No. 1 Atlanta (19-15) vs. No. 4 Chicago (15-19)
Nothing has come easily this season for Chicago, which has been seriously challenged by injuries and illness. When healthy, the Sky are much like last year's squad that finished with the best record in the East. But they had to hobble through most of June and July without Elena Delle Donne, who battled a recurrence of Lyme disease. Since she came back July 31, the Sky have been able to get five crucial wins to gain their playoff spot. The return of guard Courtney Vandersloot this month helped, too.
Meanwhile, Atlanta hasn't been as consistent a team as the Dream hoped they would be, despite another MVP-caliber season from Angel McCoughtry (18.5 PPG). But they had their challenges, too, including new coach Michael Cooper's brief time away from the team to be treated for tongue cancer. The Dream were the only Eastern Conference team to finish with a winning record, but they've had two stretches this season where they've lost at least four consecutive games.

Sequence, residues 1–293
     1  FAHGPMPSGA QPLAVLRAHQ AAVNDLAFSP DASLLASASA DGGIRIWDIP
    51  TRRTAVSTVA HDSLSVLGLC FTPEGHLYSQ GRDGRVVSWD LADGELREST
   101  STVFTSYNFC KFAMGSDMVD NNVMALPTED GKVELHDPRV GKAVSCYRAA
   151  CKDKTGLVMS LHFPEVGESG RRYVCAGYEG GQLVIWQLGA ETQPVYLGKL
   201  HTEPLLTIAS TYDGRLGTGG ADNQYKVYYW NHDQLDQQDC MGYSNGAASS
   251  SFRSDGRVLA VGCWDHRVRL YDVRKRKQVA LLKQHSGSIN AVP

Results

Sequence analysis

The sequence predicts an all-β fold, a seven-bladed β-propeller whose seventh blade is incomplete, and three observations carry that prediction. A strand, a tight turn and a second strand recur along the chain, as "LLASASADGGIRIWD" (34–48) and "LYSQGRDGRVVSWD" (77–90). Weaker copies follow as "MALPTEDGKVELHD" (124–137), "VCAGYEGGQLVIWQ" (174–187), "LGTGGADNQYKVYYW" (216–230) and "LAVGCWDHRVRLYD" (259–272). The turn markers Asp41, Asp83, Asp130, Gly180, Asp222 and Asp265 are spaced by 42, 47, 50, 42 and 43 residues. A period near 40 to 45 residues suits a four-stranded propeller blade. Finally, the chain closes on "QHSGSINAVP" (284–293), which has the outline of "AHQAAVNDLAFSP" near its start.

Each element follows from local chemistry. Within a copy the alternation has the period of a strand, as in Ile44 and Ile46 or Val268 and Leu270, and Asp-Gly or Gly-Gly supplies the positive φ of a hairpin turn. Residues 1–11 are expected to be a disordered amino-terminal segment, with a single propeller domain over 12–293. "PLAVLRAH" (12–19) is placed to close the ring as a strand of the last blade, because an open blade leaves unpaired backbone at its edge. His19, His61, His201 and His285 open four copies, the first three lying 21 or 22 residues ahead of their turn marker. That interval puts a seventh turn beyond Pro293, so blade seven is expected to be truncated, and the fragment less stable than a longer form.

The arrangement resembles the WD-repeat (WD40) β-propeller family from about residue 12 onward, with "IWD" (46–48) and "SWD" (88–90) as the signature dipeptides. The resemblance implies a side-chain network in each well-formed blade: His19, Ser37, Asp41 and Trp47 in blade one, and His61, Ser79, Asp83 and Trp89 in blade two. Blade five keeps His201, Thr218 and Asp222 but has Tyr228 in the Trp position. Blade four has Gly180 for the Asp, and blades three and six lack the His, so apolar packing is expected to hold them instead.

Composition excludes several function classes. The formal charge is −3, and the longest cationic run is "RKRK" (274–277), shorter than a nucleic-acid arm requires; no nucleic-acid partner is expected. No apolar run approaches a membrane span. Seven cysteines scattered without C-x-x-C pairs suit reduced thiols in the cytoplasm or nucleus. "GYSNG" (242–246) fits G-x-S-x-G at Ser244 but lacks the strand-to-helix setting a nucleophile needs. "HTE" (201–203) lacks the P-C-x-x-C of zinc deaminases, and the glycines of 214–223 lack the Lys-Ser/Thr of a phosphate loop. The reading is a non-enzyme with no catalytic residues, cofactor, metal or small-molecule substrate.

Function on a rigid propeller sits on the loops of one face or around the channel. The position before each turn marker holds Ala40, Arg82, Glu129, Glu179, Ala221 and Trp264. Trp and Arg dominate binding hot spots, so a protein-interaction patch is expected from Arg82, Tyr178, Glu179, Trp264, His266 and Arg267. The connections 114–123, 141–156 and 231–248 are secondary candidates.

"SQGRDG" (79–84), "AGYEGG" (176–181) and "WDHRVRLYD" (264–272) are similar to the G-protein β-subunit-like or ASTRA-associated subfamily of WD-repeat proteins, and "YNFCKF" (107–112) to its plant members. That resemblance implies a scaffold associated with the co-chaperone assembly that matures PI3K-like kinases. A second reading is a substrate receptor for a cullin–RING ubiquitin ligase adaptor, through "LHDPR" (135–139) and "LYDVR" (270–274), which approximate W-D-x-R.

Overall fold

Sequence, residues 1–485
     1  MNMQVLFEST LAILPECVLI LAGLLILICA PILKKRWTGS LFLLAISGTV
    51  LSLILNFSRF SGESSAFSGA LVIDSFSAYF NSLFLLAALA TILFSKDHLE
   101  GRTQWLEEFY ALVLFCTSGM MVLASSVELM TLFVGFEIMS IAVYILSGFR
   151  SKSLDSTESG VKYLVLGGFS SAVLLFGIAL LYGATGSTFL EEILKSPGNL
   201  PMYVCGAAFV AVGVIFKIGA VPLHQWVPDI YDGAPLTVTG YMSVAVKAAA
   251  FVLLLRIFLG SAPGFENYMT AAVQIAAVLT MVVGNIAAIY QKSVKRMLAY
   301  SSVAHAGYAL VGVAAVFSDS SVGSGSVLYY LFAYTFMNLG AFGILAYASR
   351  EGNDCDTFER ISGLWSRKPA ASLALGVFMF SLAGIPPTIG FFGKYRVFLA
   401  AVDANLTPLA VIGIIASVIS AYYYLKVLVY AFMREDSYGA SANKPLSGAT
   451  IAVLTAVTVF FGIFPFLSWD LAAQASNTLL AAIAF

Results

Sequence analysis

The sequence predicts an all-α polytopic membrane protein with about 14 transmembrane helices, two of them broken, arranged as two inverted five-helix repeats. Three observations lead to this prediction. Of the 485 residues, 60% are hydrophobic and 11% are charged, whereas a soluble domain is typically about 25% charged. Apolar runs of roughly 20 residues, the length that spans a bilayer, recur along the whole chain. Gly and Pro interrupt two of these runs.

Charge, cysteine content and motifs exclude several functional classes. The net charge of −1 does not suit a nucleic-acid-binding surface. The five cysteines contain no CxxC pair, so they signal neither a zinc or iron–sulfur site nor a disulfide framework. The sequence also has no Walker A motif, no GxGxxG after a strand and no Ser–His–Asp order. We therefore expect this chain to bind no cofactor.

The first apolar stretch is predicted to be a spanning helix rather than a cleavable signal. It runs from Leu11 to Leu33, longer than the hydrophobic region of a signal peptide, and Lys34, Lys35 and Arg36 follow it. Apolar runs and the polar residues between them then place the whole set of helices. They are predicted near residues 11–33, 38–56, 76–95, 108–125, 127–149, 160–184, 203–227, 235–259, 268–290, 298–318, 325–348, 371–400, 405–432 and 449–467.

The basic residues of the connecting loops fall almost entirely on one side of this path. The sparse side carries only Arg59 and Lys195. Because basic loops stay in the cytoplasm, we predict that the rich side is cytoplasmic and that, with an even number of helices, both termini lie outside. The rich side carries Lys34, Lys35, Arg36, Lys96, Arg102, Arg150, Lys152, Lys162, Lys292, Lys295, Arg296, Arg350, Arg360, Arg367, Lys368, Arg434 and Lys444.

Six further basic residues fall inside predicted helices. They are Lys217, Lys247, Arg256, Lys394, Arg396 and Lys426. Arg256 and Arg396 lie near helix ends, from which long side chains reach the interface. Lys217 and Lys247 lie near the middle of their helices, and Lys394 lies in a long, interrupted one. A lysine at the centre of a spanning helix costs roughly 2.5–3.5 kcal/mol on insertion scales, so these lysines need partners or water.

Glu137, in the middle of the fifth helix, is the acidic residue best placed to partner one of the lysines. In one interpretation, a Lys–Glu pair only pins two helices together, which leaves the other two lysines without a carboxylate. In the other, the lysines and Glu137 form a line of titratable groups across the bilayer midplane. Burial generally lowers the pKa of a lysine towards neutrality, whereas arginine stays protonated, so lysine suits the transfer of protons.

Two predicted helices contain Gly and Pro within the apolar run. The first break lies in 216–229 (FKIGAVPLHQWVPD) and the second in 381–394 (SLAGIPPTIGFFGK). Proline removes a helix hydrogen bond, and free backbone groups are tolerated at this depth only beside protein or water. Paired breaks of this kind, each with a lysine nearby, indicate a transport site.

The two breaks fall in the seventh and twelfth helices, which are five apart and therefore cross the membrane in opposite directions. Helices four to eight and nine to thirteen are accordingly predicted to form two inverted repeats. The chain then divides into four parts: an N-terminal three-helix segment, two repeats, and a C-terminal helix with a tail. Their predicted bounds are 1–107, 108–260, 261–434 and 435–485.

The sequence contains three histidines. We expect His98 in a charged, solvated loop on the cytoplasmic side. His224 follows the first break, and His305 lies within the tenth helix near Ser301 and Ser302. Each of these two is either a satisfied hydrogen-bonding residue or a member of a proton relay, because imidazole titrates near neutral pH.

Key matchup: The benches. How big an impact will All-Star Game MVP Shoni Schimmel make as a reserve for Atlanta? She definitely has had her moments, including a recent 24-point performance against Phoenix on Aug. 13. Meanwhile, Allie Quigley has led the way off the bench for Chicago, and she has been a dependable scorer when the Sky has really needed that.
X factor: Sylvia Fowles. Big Syl missed 14 games and didn't start her season until June 25. With Sancho Lyttle and Erika de Souza on the other side, the Sky need Fowles to be closer to her old self in this series.
Regular-season series: The Sky had the edge, 3-2.
Voepel's prediction: Sky in three games. Yes, that would be an upset. But the Dream's 2-6 record in August is cause for concern that Atlanta just isn't in sync going into the postseason. Then again, we've said that before with the Dream, even in years they made the WNBA Finals.